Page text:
A few months ago I hung out for the first of several times with the super cool HR Manager of three (not 1…3!!) strip clubs here in south Louisiana. If you’ve visited New Orleans and were in search of either a watered down/ridiculously expensive drink or a lap dance, chances are you wandered into one of her establishments. Oh hell y’all….you think my HR stories are good? She even made me blush.

Look…we all take for granted that hospitals, insurance companies and manufacturers have HR departments filled with soulless bureaucrats who process benefit enrollments, deal with employee relations issues and trot up-and-down the hallways in their nice-little-HR-suits.

But imagine running an HR department in the porn industry. What are those worker’s compensation renewal meetings like? Think about the annual strategic planning meeting at a dildo making company. What sort of 2018 budget dollars does one set aside for employee engagement activities? Are there regular planned team building activities after the crew shuts down the injection-molding machine for the day? What about compensation and pay structure? Piece meal for every plastic penis that rolls of the conveyor belt or is there base pay with some other sort of variable or incentive?

These are the things that keep me up at night.

Sexy HR. The sort my mother never told me about.

 

 

 

 

 

 

 

 

 

 

 

 

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Candor in the Workplace #WorkHuman

There’s a new (ish) concept in the arena of employee feedback – Radical Candor. In the best selling book Radical Candor: Be a Kick-Ass Boss Without Losing Your Humanity, author Kim Scott (a former Google director and consultant) explains that radical candor encourages employees to directly confront issues with colleagues in a completely honest—yet respectful and compassionate—way.

I recently weighed in on the topic for the Baton Rouge Business Report along with the Director of Operations for a local law firm that has added it to their workplace/operational mix ; you can read the article here. (just please ignore the incredibly awkwardly staged photo. ugh).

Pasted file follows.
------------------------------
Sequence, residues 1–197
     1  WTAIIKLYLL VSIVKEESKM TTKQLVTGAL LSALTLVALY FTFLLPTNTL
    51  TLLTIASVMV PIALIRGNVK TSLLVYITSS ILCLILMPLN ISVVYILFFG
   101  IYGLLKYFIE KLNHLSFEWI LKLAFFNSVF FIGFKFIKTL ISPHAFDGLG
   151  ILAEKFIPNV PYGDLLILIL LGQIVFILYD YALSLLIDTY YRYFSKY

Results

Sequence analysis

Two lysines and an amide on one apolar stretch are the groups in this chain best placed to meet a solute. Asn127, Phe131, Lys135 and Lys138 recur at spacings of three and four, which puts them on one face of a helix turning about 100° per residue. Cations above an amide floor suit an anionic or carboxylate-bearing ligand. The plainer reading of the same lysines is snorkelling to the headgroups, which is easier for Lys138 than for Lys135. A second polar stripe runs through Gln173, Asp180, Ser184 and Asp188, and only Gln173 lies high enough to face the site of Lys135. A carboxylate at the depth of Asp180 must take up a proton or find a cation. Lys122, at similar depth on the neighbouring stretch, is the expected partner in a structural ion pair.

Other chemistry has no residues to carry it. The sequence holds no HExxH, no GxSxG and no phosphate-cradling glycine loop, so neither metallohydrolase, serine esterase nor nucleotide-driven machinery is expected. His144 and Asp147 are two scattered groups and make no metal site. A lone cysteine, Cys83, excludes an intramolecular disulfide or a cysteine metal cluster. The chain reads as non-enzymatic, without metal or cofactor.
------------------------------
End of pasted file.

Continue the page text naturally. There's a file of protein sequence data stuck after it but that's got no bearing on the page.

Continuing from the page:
I found it to be perfect timing for this article’s published date (last Thursday) since I’m hitting the road today for the WorkHuman Conference; 3rd year of the event and my 3rd time attending. I’ll also, along with my co-presenter Bill Boorman, be speaking at a Spotlight Session on the topic “How to Hire for a “Challenging” Culture.”

In many ways the word “culture” seems to have become yet another over-used buzzword in the business and HR sphere; toss the word “culture” into an article or a speaker submittal and you’ll garner lots of interest. But, cynicism aside, it really does all come down to culture.  The amorphous, ever-evolving, squishy, and somewhat-hard-to-articulate GLUE that connects employee-to-organization and connects employee-to-employee.

Candor in the workplace? –“In order for organizations to make a switch to a radical candor environment, they first must do the hard work of ensuring their organizational culture can sustain a style of working that requires employees to directly challenge each other, while ensuring those forthright conversations emanate from a place of truth and personal caring.” (so sayeth me in that Business Report article).

Hiring for a challenging culture? – “We’re fully aware that we can’t make-up our organizational culture and we also know that being false and inauthentic, while it may garner more applicants, leads to mismatched hiring. The true differentiator in talent acquisition and retention is being real, honest and truthful with both candidates and employees in order to provide them with an honest version of the actual working experience at your organization.” (so sayeth me for WorkHuman)

Glue.

It’s sticky.